What I learnt from not watching the Olympics

About a month ago, the husband and I suffered a broken television, thanks to an elephant being thrown at it. I mean one of my metal haathi curios, of course. It’s a long and weird story, so don’t ask for details. Just know that the LCD screen cracked inside. And what started as a small black spidery scrawl, has over the weeks turned into a giant gaping blackhole, which now covers more than three-quarters of the screen.

Neither the husband or I bothered to get anything done about it. In the past, he’s made gallant claims about banishing the TV altogether to have one less wired gadget to hook ourselves too. I’ve scoffed at him every time, because between the two of us, I barely watch any TV (save a few annual shows I watch in their time), while he’s the one who usually needs the TV on, mindlessly surfing, watching anything that catches his fancy, no matter what point of telecast it is at. But when he took this as a sign to make do without a television, and actually didn’t do a thing about it, I sat up and took notice. Its been almost 6 weeks now, and we haven’t so much as turned the TV on.

Anyhoo, the point of this long winded backgrounder is to say this: we missed the Olympics. Every last minute of it. So while I was informed about our third, fourth and fifth medal wins thanks to the news and ultra enthusiastic followers at work, I didn’t actually get to watch any of it myself. What I didn’t miss however, is the general disdain of India’s wonted performance. Every four years the excitement begins, as the games near desh-pyaar videos crowd television channels and now, youtube too. Suddenly everybody is united in a rather impulsive sense of national pride. Then our athletes perform abysmally, and of course we slip back into the same old arm chair philosophers mode. Making misguided comments, running down what little we do achieve, having generalist sweeping opinions that discount the few achievers we do have.

Why does India always under-perform, in the eyes of fellow Indians? Is it because we aren’t equipped? Cannot afford it? Or maybe its because we simply do not care. I think it goes beyond the obviously cited reasons like we-only-spend-money-glorifying-cricket and we-have-no-infrastructure-to-support-athletics. I don’t think these are reasons that run deep enough. Because it doesn’t explain how athletes from Jamaica, Ethiopia, Kazakhstan and Azarbaijan went back home with more medals than the Indian team. We’re richer, we’re stable and certainly in a position to more for our athletes than some of them could have. So it cant be the money and the infrastructure alone. Like I shared with some of our friends on Saturday night, I think a lot of it is cultural, sociological, and what we are conditioned to be and do with our lives.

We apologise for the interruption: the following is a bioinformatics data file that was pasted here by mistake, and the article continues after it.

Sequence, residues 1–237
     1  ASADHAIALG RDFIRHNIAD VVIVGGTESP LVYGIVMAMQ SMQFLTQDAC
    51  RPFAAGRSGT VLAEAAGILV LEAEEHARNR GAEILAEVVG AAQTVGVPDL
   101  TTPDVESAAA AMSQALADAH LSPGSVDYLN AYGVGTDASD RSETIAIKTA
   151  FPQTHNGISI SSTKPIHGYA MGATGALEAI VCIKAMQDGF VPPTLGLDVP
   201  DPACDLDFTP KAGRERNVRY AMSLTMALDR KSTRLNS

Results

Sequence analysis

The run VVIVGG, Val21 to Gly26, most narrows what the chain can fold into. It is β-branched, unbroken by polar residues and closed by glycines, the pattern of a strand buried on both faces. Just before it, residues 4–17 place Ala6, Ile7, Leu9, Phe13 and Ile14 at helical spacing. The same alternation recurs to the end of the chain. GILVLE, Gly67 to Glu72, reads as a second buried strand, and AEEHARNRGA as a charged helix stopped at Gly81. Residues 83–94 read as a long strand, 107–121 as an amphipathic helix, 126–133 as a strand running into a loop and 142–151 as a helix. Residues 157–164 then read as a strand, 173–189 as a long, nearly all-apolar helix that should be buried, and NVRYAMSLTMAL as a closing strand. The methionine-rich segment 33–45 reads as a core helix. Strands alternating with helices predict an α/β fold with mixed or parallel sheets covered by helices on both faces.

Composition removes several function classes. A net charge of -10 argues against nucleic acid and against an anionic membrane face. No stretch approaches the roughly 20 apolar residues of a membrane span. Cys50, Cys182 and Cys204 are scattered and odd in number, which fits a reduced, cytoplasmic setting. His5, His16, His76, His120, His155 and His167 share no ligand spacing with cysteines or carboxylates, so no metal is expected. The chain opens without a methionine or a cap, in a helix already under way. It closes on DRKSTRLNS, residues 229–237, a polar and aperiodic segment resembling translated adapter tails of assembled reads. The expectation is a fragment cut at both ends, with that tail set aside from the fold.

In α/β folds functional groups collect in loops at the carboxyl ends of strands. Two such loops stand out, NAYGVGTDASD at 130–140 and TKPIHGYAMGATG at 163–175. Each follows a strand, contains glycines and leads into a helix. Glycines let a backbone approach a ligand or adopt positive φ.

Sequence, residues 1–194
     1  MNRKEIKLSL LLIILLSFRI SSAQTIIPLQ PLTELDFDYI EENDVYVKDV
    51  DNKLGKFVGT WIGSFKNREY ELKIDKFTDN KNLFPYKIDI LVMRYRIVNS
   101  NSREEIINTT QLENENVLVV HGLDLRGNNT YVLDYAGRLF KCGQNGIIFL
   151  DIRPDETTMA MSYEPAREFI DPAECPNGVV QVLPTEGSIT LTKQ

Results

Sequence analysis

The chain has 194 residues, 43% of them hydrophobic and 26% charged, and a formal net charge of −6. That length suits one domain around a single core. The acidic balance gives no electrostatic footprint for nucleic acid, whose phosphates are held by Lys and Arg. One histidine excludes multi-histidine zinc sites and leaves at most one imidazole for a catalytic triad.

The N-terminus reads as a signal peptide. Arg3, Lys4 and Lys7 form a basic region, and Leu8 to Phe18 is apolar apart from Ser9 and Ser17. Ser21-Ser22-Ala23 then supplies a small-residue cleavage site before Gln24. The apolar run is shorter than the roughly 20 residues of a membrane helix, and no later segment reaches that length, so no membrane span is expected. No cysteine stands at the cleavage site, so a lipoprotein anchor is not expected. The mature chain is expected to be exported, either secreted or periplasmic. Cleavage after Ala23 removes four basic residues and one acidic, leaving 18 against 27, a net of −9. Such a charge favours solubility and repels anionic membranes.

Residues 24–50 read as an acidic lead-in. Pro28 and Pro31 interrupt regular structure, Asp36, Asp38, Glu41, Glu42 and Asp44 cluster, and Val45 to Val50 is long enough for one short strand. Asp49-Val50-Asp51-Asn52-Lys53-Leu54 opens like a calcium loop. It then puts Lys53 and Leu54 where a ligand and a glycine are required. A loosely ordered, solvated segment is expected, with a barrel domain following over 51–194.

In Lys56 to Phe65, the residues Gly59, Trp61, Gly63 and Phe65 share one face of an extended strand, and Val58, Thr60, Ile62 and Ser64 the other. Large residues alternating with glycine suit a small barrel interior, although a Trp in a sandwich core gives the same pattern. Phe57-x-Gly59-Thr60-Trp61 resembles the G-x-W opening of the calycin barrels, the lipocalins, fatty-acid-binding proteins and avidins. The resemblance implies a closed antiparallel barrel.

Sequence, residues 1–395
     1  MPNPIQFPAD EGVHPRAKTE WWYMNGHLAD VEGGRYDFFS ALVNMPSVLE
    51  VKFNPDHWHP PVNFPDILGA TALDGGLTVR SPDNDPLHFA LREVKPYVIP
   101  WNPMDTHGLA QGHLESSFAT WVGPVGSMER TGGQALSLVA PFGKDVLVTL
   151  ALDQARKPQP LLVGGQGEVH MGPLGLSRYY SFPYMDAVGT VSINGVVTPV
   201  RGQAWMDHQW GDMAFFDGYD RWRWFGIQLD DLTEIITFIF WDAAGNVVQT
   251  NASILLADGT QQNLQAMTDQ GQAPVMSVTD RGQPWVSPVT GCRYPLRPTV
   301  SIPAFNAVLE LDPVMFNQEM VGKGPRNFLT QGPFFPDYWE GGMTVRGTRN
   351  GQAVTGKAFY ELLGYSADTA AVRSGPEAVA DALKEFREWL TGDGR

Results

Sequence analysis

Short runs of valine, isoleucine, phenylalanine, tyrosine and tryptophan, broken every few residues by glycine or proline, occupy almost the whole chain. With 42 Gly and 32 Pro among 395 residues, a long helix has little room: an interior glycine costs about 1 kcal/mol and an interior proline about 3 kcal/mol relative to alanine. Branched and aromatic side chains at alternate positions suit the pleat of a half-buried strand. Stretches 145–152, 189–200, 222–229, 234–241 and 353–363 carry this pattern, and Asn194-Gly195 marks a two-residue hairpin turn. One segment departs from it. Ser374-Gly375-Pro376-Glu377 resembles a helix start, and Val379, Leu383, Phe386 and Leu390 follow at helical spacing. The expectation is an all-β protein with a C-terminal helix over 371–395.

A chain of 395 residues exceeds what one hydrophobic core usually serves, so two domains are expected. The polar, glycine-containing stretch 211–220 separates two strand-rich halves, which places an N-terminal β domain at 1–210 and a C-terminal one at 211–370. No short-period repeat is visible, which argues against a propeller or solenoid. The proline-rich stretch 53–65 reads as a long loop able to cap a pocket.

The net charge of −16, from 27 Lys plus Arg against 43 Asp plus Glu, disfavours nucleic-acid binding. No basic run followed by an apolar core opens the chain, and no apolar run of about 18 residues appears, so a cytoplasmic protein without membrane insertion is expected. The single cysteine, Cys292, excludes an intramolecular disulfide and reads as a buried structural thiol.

As kids we grow up with the need to perform academically, ingrained in us. Success and failure in life is measured against how well one does academically. Being independent and happy in life is seen only in what kind of hi-flying job one can find and how quickly one can move up the ladder. We’re a “job” obsessed country. And these jobs are almost all conventional, 9-5, office-going activities. Sure, things are changing slowly, but I can’t remember the last time someone from my generation chose to pursue a career in sports. Or chose to become a chef. Or an artist. Or even work with an NGO, for that matter.The tragedy is I’ve had more than a handful of classmates who were at some point or the other interested in cricket and other sport, enough to pursue it professionally. But somewhere along the way it peters out. Academic pressures take over. Because we cannot fathom success in any other way except in big bucks and fancy lifestyles.

Sports has, and always will be considered, to quote a term I loathe, an extra-curricular activity. Never a priority. An after-school recreational activity. Never taken seriously. And I think somewhere it reflects in situations like this. When as a nation, we’re faced with fierce competition, even the best amongst a billion of us, fall short.

I’m sharing a piece I was especially pleased to see in The Atlantic, which cites many reasons why Indians win so few Olympic medals. And I found that I was in agreement with lot, though not all, of their opinions.

I was overjoyed when I heard about Mary Koms medal, and humbled by her reaction that followed. Yes, she’s overcome many odds, some unimaginable for those of us living perfectly secure, normal lives. But why let that take away form the fact that at the end of the day she is a sportwoman first. Mother-of-two next. She is one of the very very few people who took her sport seriously. Who followed it like her life depended on it. She had the will. And that’s what it takes to fight all the odds.

When was the last time you heard an Indian parent genuinely encourage and inculcate that sort of spirit in his/her children? And no, don’t give me the its-not-practical lecture, or the Mary-Kom-is-a-one-in-a-billion case. Because its that attitude that brings us back five medals (or fewer), once every four years.

One thought on “What I learnt from not watching the Olympics

  1. Pingback: Day 16: Video killed the radio star (what I’ve watched) – hAAthi Time

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